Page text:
A useful feature that I think would make LingQ even more awesome

Basically it’s an “Identifier Extension” used on other websites like Youtube; that displays unknown words and learning words within the contents thumbnail (like it does with a lesson on lingQ).

It would work like this;

  1. LingQ calculates if the displayed content has CC.
  2. If it does, it will show the word stats in the thumbnail. If not it will show “no cc” or be blurred/greyed-out.
  3. The import button can also be incorporated; and can be clicked on the top right and works like it does now.

Why I think this is useful;

  1. Saves time and effort finding suitable material.
  2. Allows for more convenient navigation into finding comprehensible material.
  3. Utilizes general feed on websites more effectively.
  4. Would work better with the import function since the video displayed will show whether or not it has CC. and can import from the thumbnail itself.

Here’s what it might look like;

People may ask; “Why not just use youtube better”, these are my issues;

  1. A video has to be searched in order to show the filter list to apply CC. (+ other search issues)
  2. Content is displayed as an ongoing list and may take a while to find what i’m looking for (unless it’s very specific)
  3. It is unclear if that content is suitable for learning or not (too many/too little lingQ’s)

And also for Caption pop;

  1. A video has to be searched in order to show the content with CC.
  4. There is no feed home page like youtube has. (seems to be fixed)

Also, I don’t see how I can use Zero to Hero at all, it returns with very little results.


Perhaps people think this is lazy and that all needs to do is “look for what they want to import”. Personally I’m struggling to do that as a beginner to be honest.

In summary, the main idea from this is to fully utilize the feed (calculated from the things I am interesting in/search for anyway) instead of keep having to search, and determine if something has CC to allow content to easily be identified as useful and imported into lingQ.

That would be great. Finding something that is just right really isn’t easy, also if you’re already at an advanced level.

As a LingQ user, I think this would be a great feature, but as a software developer, this idea makes me feel a bit queasy. I’m not familiar with the specifics of how the LingQ importer works and web scraping is not my area of expertise. However, as a general idea, my best guess for how a feature like this would work is as follows:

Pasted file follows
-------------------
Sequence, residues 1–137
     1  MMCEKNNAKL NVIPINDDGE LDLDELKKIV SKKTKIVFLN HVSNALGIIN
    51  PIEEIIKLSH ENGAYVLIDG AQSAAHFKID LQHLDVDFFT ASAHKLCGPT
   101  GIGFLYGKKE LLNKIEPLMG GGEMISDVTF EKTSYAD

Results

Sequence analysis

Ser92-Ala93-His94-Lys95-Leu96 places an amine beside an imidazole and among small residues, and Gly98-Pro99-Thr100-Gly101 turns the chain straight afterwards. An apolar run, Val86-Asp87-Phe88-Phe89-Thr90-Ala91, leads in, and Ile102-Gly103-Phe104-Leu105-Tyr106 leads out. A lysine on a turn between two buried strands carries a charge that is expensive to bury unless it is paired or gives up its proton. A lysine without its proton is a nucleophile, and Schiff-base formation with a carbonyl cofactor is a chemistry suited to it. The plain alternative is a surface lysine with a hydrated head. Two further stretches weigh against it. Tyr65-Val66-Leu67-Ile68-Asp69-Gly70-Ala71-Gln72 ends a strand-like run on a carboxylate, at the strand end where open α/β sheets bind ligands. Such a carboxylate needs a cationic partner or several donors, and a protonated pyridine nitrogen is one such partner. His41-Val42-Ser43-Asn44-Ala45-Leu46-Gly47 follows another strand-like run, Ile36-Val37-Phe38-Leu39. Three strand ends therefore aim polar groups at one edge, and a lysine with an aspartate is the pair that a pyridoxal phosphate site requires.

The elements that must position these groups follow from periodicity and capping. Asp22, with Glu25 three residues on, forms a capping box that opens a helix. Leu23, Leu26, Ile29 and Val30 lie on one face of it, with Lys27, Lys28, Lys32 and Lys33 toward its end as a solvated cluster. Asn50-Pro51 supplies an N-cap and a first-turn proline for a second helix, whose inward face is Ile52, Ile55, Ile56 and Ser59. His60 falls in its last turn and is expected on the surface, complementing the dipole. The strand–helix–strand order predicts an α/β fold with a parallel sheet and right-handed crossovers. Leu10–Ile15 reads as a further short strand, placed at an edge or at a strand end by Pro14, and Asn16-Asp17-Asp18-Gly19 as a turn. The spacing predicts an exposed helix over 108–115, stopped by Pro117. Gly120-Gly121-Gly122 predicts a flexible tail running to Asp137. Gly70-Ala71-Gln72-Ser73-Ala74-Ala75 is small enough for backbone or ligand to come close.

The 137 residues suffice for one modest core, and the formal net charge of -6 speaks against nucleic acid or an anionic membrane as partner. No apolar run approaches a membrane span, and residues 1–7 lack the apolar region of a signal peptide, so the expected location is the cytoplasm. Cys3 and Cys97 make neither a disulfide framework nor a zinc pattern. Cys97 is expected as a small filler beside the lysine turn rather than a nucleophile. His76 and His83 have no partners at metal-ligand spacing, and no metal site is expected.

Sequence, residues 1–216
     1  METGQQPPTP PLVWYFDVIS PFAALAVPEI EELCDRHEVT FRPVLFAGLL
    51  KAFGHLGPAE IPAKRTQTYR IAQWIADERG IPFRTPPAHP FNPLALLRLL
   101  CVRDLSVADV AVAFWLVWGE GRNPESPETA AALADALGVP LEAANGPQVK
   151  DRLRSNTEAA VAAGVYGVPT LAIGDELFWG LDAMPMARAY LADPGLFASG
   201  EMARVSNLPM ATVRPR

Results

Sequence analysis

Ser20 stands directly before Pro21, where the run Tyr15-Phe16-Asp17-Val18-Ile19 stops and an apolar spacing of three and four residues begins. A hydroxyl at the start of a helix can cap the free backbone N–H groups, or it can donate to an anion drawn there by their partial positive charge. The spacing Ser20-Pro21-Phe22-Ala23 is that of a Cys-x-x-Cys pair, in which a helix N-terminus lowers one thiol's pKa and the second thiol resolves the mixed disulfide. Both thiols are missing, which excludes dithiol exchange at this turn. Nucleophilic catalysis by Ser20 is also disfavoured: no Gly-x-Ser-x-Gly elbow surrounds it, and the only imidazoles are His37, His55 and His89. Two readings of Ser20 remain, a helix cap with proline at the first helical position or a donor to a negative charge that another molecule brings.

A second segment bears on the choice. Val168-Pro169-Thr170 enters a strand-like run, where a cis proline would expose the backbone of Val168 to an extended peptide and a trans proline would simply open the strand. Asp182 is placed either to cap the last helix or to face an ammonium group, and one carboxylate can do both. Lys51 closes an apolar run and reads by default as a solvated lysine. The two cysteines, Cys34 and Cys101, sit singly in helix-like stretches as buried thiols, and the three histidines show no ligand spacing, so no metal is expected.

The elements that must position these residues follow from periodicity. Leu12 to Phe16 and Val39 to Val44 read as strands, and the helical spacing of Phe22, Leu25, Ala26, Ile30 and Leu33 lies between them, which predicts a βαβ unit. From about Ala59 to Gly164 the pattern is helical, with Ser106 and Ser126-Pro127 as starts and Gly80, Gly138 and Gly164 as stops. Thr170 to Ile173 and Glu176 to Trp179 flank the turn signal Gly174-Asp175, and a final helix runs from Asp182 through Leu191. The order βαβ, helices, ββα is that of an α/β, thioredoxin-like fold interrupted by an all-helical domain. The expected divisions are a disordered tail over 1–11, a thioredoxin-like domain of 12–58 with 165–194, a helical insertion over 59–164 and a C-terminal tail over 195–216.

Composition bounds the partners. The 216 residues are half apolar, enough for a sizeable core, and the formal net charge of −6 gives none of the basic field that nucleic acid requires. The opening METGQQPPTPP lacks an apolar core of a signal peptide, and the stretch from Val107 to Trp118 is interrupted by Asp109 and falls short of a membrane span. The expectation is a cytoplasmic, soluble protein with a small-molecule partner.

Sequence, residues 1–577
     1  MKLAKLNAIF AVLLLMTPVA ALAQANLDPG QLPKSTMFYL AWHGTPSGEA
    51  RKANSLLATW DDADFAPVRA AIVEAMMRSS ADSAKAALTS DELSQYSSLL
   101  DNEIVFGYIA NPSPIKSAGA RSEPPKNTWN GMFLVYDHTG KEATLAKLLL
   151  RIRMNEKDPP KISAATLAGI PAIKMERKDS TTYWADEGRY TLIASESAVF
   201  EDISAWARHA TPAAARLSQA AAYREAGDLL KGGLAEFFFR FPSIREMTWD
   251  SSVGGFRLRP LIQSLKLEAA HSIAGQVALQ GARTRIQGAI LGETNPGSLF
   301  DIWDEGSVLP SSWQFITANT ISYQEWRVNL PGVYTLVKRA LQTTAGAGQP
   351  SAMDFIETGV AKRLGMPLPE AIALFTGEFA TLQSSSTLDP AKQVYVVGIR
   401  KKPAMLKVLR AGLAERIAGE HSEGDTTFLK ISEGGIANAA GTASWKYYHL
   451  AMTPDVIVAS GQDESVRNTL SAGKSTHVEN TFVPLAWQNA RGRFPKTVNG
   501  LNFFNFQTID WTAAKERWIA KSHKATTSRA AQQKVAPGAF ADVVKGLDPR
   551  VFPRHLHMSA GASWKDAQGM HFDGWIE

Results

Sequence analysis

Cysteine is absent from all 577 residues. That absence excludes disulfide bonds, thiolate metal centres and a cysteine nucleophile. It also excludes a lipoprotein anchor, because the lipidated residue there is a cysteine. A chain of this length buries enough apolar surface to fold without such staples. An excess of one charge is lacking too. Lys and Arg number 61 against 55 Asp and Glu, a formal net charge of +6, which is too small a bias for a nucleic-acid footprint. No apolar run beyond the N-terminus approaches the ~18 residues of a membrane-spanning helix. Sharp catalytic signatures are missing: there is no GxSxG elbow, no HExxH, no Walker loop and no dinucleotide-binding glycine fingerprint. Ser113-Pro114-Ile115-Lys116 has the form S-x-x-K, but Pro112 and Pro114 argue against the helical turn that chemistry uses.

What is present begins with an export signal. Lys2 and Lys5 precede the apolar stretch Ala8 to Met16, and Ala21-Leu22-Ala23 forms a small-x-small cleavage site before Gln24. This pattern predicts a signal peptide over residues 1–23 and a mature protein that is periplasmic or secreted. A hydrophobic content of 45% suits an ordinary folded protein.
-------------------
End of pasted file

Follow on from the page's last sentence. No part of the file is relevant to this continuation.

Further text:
1. You would need to generate a list of all the videos displayed on the page you are visiting. They are all included in the HTML file for the page, so this should be easy, except for the fact that YouTube uses infinite scroll for both the homepage and search results. This means that you would have to cap the number of videos in the list (first 10? 50?) and the site would need to be completely reloaded once you scroll past the last video in that list.
  2. For each video in the list, you would need to check if the video has captions available. If so, you would then need to check to make sure the language of the captions matches before scraping the video’s page for the captions.
  3. Once you have the captions, you would need to cross-reference the captions with your LingQ vocabulary (thousands or tens of thousands of words for most people!) to check for the number of blue and yellow words. This is doable, but does take some time, especially when this action is performed several times in a row. (For example, the LingQ homepage tends to lag from performing this calculation on the lessons in your feed, and unlike YouTube, LingQ generally is not loading high-resolution images at the same time.)
  4. After all of this, now your browser can load YouTube (or whatever site) for you to see it. *

Again, scraping is not my area of expertise, so I could be wrong and this could be a trivial process. However, I imagine that at best, YouTube would be annoyingly slow to load, and at worst, it would just not load at all.

I don’t think you are lazy for suggesting this. On the contrary, I’m all for searching for content as efficiently as possible, especially if you have detailed criteria! And I’m not trying to shut you down, because I would also find this really helpful and probably use it just about every day. However, I think you are more likely to meet with success on this by appealing directly to YouTube to include a search filter for captions in a specific language, for example, rather than waiting for the already overworked LingQ team to build a thicc feature like this, which may or may not actually work. I’m sure that YouTube already has a way of filtering content this way for people with screen readers at least, but I’m not aware of a way to do that without cracking into the source code.

In the mean time, good luck with your searching! I hope you find the perfect content soon!

*As an aside, I have no idea whether or not YouTube will allow modifications in the appearance of the site. If not, this definitely wouldn’t be possible :frowning:

As another aside, I have generally had much better success importing captions from Netflix than YouTube, because Netflix allows you to filter by subtitle language and the subtitles will always be high quality. If you don’t use Netflix, I would suggest trying another platform with longer-form content to look for things to import.

1 Like